All posts from
January 2020

Histories and futures of research through design: From prototypes to connected things

Or how information (not data) drives design and research.

“​This article discusses how the artifact of Research through Design (RtD) is changing due to data technology. The article firstly reviews the character and role of the prototype in RtD traditions informed by practices of skillful crafting and industrial design manufacturing. It then describes the move of RtD to data-enabled practices to offer a conceptualization of artifacts as connected things, that is, decentralized objects that actively collapse the division between design participation, user interaction and the creation and distribution of products and services. By considering connected things as capable of ‘making’ things too, the article positions the changing character and role of the RtD artifact in relation to three key shifts in design practice: (1) the agential shift towards the inclusion of things as partners in design, (2) the temporal shift towards always available opportunities for co-creation, and (3) the infrastructural shift towards unstable forms of value. The article concludes with a discussion on the implications of these changes for how knowledge might be generated, critiqued and shared in future data-enabled RtD practice.”

Elisa Giaccardi a.k.a. /elisagiaccardi | @elisagiaccardi ~ International Journal of Design 13.3 courtesy of @g_ferri

Information and design: Book symposium on Luciano Floridi’s The Logic of Information

The link, connection and relation is more important than the node, place or idea.

“​The purpose of this paper is to review and discuss Luciano Floridi’s 2019 book The Logic of Information: A Theory of Philosophy as Conceptual Design, the latest instalment in his philosophy of information (PI) tetralogy, particularly with respect to its implications for library and information studies (LIS). Nine scholars with research interests in philosophy and LIS read and responded to the book, raising critical and heuristic questions in the spirit of scholarly dialogue. Floridi responded to these questions. Floridi’s PI, including this latest publication, is of interest to LIS scholars, and much insight can be gained by exploring this connection. It seems also that LIS has the potential to contribute to PI’s further development in some respects.”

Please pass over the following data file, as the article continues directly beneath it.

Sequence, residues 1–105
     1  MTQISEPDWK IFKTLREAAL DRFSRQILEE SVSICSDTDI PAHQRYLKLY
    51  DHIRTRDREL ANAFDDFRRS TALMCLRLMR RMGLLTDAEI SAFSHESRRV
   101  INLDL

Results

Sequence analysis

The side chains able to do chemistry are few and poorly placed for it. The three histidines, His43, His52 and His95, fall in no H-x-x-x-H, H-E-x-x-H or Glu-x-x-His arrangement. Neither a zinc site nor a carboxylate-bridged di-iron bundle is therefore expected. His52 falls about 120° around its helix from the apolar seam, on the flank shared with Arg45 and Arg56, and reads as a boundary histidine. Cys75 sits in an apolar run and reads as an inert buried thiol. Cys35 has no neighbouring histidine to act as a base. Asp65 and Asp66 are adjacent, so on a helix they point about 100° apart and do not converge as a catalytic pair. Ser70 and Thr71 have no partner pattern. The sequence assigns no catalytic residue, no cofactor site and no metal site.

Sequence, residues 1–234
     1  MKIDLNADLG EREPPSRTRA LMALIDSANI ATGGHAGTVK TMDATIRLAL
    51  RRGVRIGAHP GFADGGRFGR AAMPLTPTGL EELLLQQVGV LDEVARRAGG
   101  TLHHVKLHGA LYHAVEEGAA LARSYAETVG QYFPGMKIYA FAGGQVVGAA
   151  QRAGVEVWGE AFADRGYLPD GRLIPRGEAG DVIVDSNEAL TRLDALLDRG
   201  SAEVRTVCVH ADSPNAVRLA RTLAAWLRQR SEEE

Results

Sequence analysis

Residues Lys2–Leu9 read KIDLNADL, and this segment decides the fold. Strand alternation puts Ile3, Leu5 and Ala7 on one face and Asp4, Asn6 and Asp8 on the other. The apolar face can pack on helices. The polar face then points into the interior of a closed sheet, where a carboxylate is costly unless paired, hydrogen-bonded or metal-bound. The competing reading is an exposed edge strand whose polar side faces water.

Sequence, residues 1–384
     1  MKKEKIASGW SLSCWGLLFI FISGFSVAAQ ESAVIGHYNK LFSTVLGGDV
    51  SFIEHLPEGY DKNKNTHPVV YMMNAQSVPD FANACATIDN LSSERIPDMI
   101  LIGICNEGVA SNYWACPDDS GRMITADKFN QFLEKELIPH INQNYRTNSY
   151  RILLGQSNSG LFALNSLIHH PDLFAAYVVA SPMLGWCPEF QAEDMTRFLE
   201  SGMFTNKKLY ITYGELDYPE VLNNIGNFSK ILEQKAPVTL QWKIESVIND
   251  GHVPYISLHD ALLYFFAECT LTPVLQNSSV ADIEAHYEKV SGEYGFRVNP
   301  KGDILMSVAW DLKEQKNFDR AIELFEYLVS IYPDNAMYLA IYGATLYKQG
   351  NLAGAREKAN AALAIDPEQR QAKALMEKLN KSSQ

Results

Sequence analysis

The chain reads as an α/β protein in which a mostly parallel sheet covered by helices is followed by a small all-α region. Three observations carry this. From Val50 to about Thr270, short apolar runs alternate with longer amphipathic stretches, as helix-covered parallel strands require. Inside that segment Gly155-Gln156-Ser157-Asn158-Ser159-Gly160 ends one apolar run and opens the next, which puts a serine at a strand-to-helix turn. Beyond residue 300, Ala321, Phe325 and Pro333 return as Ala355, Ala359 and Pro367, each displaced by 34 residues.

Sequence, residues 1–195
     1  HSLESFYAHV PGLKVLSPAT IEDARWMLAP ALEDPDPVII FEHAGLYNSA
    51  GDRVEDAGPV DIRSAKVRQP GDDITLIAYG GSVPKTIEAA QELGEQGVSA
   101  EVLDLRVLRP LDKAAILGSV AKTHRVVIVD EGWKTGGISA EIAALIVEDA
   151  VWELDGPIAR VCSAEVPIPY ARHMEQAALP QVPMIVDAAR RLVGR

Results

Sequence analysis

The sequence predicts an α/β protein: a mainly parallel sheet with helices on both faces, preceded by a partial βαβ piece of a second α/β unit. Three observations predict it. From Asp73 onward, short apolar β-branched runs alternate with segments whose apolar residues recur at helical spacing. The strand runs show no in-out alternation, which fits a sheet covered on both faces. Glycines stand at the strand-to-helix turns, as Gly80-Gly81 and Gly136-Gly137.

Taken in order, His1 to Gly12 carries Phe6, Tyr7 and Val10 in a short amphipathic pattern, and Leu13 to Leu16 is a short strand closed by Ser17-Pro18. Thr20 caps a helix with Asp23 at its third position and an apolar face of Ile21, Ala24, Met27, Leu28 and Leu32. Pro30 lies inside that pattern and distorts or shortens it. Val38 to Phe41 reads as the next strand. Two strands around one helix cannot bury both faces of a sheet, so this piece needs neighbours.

Gorichanaz, T., Furner, J., Ma, L., Bawden, D., Robinson, L., Dixon, D., Herold, K., Søe, S., Van der Veer Martens, B. and Floridi, L. (2020) ~ Journal of Documentation 76.1

Confronting the tensions where UX meets AI

Without tensions no glory.

“​AI research has now been around for about 65 years, and the consequences of design decisions on AI outcomes have been a lively debate for 20-plus years, if not longer. Governments, companies, and investors are now pouring in copious resources to advance AI techniques and create ‘AI-powered’ products. Amid the hype, however, people question whether breakthroughs are reproducible and transferable to practice, and who benefits from them. Keeping up with the latest trends has become increasingly challenging, even for the experienced. And the definition of accepted terminology itself is ever changing. As we – HCI researchers and UX practitioners – struggle to keep up with where the field is going, it is easy to lose sight of its past, repeat mistakes, and stumble on unintended consequences.”

Henriette Cramer and Juho ~ ACM Interactions Volume XXVI.6